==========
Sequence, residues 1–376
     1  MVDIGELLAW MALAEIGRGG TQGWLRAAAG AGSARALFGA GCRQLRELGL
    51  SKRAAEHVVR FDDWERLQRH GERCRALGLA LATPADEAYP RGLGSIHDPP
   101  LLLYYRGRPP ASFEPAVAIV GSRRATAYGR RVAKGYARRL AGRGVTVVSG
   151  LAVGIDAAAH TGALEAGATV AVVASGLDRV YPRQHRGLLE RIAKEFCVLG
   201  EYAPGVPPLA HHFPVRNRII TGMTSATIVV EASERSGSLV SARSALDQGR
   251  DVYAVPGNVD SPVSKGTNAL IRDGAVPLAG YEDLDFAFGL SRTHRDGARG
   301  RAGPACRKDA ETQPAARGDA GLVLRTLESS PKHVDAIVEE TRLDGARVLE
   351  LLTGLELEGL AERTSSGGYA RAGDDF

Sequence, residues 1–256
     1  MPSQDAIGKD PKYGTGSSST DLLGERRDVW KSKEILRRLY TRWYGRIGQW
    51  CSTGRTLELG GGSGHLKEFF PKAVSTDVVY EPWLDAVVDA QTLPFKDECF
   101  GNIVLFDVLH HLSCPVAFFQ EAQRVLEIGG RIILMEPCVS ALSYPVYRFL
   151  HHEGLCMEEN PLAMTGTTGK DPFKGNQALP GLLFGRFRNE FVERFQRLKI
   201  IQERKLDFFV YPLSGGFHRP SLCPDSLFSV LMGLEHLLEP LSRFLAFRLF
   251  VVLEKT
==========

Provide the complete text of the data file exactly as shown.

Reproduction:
Sequence, residues 1–376
     1  MVDIGELLAW MALAEIGRGG TQGWLRAAAG AGSARALFGA GCRQLRELGL
    51  SKRAAEHVVR FDDWERLQRH GERCRALGLA LATPADEAYP RGLGSIHDPP
   101  LLLYYRGRPP ASFEPAVAIV GSRRATAYGR RVAKGYARRL AGRGVTVVSG
   151  LAVGIDAAAH TGALEAGATV AVVASGLDRV YPRQHRGLLE RIAKEFCVLG
   201  EYAPGVPPLA HHFPVRNRII TGMTSATIVV EASERSGSLV SARSALDQGR
   251  DVYAVPGNVD SPVSKGTNAL IRDGAVPLAG YEDLDFAFGL SRTHRDGARG
   301  RAGPACRKDA ETQPAARGDA GLVLRTLESS PKHVDAIVEE TRLDGARVLE
   351  LLTGLELEGL AERTSSGGYA RAGDDF

Sequence, residues 1–256
     1  MPSQDAIGKD PKYGTGSSST DLLGERRDVW KSKEILRRLY TRWYGRIGQW
    51  CSTGRTLELG GGSGHLKEFF PKAVSTDVVY EPWLDAVVDA QTLPFKDECF
   101  GNIVLFDVLH HLSCPVAFFQ EAQRVLEIGG RIILMEPCVS ALSYPVYRFL
   151  HHEGLCMEEN PLAMTGTTGK DPFKGNQALP GLLFGRFRNE FVERFQRLKI
   201  IQERKLDFFV YPLSGGFHRP SLCPDSLFSV LMGLEHLLEP LSRFLAFRLF
   251  VVLEKT